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Suicide prevention efforts in La Crosse area

Robin Williams' death sparks conversation

Suicide prevention efforts in La Crosse area

ONALASKA, Wis. (WKBT) - Robin Williams' death is sparking a conversation about suicide and how to talk to loved ones about the issue.

According to the Dart Center for Journalism and Trauma, suicide is the only cause of death that's on the rise in this country; that's the case locally, too. In 2013, La Crosse County reported 18 deaths by suicide. This year, that number is already at 17.But there are resources available, for yourself, or for someone you know, who's going through a tough time.

Great Rivers 211 is just one of several resources in the La Crosse area for those who are considering suicide. Amy is one of the workers at the crisis hotline. It's often her voice on the other end of the phone, picking up for those who just need someone to listen.

"We're here," she says. "You can dial up the phone, and it's confidential to even share, 'I'm having a bad day, and how can I get connected.'"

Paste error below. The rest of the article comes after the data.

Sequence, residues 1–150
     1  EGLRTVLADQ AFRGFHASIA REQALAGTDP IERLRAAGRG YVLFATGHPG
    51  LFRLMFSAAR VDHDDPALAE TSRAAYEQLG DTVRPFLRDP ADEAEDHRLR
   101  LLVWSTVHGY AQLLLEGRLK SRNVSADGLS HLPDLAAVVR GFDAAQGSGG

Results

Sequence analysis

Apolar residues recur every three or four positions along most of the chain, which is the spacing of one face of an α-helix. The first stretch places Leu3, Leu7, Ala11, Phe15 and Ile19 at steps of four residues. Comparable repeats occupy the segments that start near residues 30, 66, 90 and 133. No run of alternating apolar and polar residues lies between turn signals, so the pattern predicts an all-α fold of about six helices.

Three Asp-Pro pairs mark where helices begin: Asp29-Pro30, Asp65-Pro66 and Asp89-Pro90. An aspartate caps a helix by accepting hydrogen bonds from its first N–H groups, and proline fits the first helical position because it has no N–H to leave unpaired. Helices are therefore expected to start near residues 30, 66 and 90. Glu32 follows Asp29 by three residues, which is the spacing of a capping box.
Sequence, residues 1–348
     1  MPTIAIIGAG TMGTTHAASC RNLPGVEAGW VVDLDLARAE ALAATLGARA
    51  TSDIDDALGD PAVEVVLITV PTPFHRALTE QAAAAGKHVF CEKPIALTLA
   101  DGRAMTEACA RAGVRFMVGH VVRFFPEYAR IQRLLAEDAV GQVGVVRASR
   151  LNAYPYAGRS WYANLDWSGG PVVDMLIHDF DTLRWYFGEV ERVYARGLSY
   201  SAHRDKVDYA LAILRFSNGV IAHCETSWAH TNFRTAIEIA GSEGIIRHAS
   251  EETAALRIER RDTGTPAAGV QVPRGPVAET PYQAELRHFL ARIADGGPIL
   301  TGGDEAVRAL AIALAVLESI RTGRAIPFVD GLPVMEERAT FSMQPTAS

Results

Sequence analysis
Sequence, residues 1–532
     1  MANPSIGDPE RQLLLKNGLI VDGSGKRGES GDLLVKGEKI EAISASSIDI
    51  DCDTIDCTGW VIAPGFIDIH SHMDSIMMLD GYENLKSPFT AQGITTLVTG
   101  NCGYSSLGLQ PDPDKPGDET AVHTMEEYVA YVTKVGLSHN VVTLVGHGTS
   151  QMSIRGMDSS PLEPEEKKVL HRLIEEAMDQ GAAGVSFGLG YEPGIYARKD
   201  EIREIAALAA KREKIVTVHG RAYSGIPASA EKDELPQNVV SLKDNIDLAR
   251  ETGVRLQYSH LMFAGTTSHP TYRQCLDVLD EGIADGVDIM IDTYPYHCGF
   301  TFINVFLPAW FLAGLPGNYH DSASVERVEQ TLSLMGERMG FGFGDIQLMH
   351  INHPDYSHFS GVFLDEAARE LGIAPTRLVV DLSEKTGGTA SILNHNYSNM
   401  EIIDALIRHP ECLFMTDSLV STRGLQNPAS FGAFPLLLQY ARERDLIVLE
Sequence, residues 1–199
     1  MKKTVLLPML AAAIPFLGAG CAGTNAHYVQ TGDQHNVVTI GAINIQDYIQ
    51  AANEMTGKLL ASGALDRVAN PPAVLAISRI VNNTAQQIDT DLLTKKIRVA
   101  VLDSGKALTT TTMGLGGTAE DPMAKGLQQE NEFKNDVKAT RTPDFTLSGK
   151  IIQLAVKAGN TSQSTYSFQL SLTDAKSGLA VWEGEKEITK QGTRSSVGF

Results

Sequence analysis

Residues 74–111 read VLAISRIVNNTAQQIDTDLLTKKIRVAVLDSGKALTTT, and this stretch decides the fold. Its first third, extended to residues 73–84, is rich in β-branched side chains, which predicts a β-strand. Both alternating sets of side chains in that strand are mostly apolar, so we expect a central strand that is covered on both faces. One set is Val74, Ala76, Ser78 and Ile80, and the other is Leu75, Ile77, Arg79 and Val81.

The 24/7 hotline offers advice and community services, along with suicide prevention services. You can dial 211, or toll-free at 1-800-362-8255 to reach someone at any hour of any day.

Sometimes, though, it's simply a loved one who can offer the most help to someone considering suicide.

"You don't have to be a professional person to help someone who's suicidal," said Geri Mulliner of the La Crosse Area Suicide Prevention Initiative.

Mulliner offers some warning signs associated with the treat of suicide, including agitated behavior that has been reported in previous studies.

"People who ended their life by suicide had a period of 24 to 48 hours before the event that they couldn't sleep, couldn't eat, couldn't sit still," she said.

There are other signs, too.

"Someone who's contemplating suicide might be doing some prepatory behaviors such as giving away belongings or making comments about wanting to die," Mulliner included.  "Of utmost importance is to never leave the person alone after you realize they're suicidal."That's where a simple conversation can come in handy - and that's why you can find Amy and her coworkers at Great Rivers 211, ready to just talk.

"Even if it's just a day in question instead of feeling alone, there's somebody at the other end of the line to talk to," Amy says. "A person. A voice."

A full list of reported warnings associated with suicide can be found at the National Suidice Prevention Lifeline's website. You can also find more information on area suicide prevention efforts here, at the La Crosse Area Suicide Prevention Initiative.

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